San Bernardino, California
Overall Educational Goals of the Child Abuse Pediatrics Fellowship at LLU
The Child Abuse Pediatrics Fellowship provides Pediatricians with the experience necessary to gain expertise in the medical and forensic evaluation of children who are suspected victims of abuse and/or neglect; in the education of medical and non-medical professionals about child maltreatment; in the design, execution, and evaluation of research; in program administration; and in community and regional advocacy. The fellowship is 3 years in length, and is designed in alignment with the ACGME program requirements for Child Abuse Pediatrics Fellowships. Clinical experience includes physical abuse, sexual abuse, all forms of neglect, and pediatric condition falsification, also known as medical child abuse. Fellows perform inpatient consults, outpatient evaluations, and expert case reviews. Fellows learn to work in and lead a multi-disciplinary medical team including pediatricians, nurse practitioners, nurses, medical social workers, mental health care providers, and child life specialists, each dedicated to this area of specialized practice. Fellows provide court testimony, as needed, regarding the cases with which they are involved. Fellows participate in the physician role within the community and in the multidisciplinary investigation of child abuse and neglect. Fellows participate in the education of medical students, residents, fellows, regional healthcare providers in terms of continuing medical education, community multidisciplinary team members, and general members of the community in a variety of venues and formats. Research opportunities include injury prevention, improving accuracy in the diagnosis of abuse, design and implementation of educational materials for medical and non-medical professionals, or any other areas of child abuse pediatrics that are of interest to the fellow. Administrative, public policy, and advocacy skills are developed through involvement in ongoing team projects and affiliated community organizations.
The skill set required to serve as a independent practitioner of Child Abuse Pediatrics is introduced and acquired over a continuum of medical education. The CAP Fellowship will seek to align learning with one of the core tenets of the ACGME graded and progressive responsibility. Under the supervision of forensic examiners and experts, fellows will receive supervision that provides value, context and meaning to their patient interactions. As fellows demonstrate growth, they will be provided with opportunities to exercise their skills with greater independence. Along this path to independence, forensic examiners graduate from direct supervision to independent supervision and oversight with faculty assessment. This structure meets the adult learners needs while guaranteeing safe and effective medical care of children.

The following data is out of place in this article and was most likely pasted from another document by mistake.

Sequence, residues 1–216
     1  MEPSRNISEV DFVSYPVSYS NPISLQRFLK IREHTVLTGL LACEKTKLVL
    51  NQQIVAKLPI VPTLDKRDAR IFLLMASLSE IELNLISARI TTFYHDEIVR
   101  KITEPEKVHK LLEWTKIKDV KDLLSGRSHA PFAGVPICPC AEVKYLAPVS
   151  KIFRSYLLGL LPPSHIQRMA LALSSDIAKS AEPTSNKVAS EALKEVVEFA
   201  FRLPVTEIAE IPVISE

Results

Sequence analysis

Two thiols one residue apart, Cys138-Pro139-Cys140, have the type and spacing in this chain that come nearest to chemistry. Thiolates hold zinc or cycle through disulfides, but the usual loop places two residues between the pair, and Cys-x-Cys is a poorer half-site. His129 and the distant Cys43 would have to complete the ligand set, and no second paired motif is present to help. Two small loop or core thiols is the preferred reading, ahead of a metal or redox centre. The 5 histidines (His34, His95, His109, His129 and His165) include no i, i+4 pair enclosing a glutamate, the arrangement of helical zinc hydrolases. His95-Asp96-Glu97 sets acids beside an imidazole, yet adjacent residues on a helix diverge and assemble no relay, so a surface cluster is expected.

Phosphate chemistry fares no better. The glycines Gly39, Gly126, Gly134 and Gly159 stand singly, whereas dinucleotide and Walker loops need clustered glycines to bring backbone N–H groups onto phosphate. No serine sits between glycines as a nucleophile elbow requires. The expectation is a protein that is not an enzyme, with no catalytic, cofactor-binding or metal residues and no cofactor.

As with most fellowship trainings, the CAP Fellowship is building on already acquired skills learned during Pediatric Residency. This includes the skills of professionalism, communication, history taking and examination, etc. The CAP Fellowship also adds a different dimension to this prior learning. The skills of communication and professionalism now apply to interactions among other systems with which Pediatricians have little exposure, such as child protection services, law enforcement and the legal arena. Medical knowledge, procedural skills and patient care has to expand into an area most Pediatricians have little exposure to in training. Complicated familial and psychosocial issues require graded exposure and increasing autonomy to learn to navigate. Three basic overall educational goals for the program emerge by year of training. These include:
Year One Fellow:
Year one fellows focus on more foundational techniques, recognition of the signs and symptoms of abuse, thorough and effective history taking, the identification of injuries, the collection of evidence, and the interpretation and meaning of these findings.
Year Two Fellow:
With the foundation in place, the overall goal of year two is to understand and maneuver within the systems of child abuse investigations. Year two fellows will learn the multifaceted role they serve as fact finder, educator and advocate. Experience now extends to the application of year one goals towards a knowledge of the juvenile and criminal court arena with the goal of patient protection and safety.
Year Three Fellow:
Year three fellows now move into year three with a goal of establishing themselves as an independent expert in child abuse investigations. The nuances of report writing and the role of sound expert testimony play a key part in the transition of a fellow to an expert. This year provides opportunities for autonomy in areas that can be anxiety provoking yet the availability of experienced forensic staff provides guidance and support. Ethics, morality, and administration now evolve as goals for a third year practitioner.
The traits of mature learners show that the progression through these years is different for every learner. Adult learners typically have increased responsibilities, self-direction and a desire to actively guide their own learning. Adult learners seek learning experiences that are useful, practical and result oriented. This increases motivation and satisfaction. The CAP Fellowship has set forth competency based goals and objectives by assignment at each educational level. Given the characteristics of the adult learner, these fairly detailed goals and objectives will serve as a guide however faculty and mentors will engage learners in setting their own overall and assignment based goals and objectives. With self assessment and individual learning plans discussed bi-annually, fellows will develop a structure that they value as their own individual roadmap to independence.
Children's Assessment Center